“It has made collecting information really difficult,” the aid worker said. Even where they are able to get the information, “now we are worried about where that information goes,” not only for privacy reasons, but also security reasons.
In addition, counter-terrorism legislation has required aid agencies to do more vetting than usual in areas where drone strikes occur, Modirzadeh points out. “If you are asking all sorts of questions of your partners and vendors and one week later there is a drone strike, who is going to be blamed?”
Protection of civilians
One of the main concerns humanitarians have is who to liaise with when things go wrong, to secure safe access and to advocate the protection of civilians.
“Who do you call when an intelligence agency is running strikes and there are no operations on the ground?” Modirzadeh asks.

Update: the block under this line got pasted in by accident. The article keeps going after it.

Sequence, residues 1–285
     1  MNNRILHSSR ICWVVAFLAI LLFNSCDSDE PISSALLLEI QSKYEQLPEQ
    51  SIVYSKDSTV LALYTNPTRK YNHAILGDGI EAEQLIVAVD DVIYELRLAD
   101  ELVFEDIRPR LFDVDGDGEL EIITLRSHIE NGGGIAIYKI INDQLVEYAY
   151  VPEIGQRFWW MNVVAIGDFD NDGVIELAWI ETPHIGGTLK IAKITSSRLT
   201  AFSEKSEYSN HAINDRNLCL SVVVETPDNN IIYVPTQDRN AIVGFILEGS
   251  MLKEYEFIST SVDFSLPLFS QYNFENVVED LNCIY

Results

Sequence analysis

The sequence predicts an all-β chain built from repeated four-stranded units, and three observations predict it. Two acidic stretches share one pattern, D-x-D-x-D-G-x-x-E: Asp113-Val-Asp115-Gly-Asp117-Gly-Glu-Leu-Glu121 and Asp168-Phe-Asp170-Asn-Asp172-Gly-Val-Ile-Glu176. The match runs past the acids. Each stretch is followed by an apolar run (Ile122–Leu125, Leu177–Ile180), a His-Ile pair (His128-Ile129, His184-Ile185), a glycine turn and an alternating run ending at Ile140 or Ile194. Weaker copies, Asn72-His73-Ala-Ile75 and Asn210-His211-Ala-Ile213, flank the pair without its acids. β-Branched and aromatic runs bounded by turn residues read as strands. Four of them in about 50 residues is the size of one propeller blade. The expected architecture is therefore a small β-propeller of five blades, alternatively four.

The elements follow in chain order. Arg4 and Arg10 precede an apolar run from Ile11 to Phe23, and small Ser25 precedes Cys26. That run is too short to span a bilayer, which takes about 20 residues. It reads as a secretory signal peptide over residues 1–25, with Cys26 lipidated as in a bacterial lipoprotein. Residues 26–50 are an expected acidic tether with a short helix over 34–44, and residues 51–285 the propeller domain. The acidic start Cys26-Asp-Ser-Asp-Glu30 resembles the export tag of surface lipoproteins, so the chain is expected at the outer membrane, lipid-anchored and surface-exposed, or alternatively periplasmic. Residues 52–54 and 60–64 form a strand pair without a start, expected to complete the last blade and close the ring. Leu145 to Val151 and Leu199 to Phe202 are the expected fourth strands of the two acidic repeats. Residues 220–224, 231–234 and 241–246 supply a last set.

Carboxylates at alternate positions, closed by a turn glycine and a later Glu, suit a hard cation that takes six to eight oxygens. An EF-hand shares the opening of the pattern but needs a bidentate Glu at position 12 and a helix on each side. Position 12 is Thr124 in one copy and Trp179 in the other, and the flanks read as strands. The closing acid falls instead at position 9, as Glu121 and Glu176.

While the protection of civilians eventually became an important pillar of the US counter-insurgency approach, because it contributed to “winning hearts and minds”, the shift to counter-terrorism has placed the well-being of civilian populations on the back-burner, Holewinski says.
“The CIA is not going to sit down with humanitarian organizations and explain their operations and discuss how they can protect each other’s space. It’s an inherently clandestine organization.”
In 2012, an aid worker with the International Committee of the Red Cross (ICRC) died of shrapnel wounds after an air strike in southern Yemen.
“This is the cost of being vague about legal obligations,” Modirzadeh says.
Some say this is a new face to an old problem, but the remotely-controlled nature of the operations does add a unique challenge. Many of those who have tried to dialogue with drone strike operations have hit a brick wall.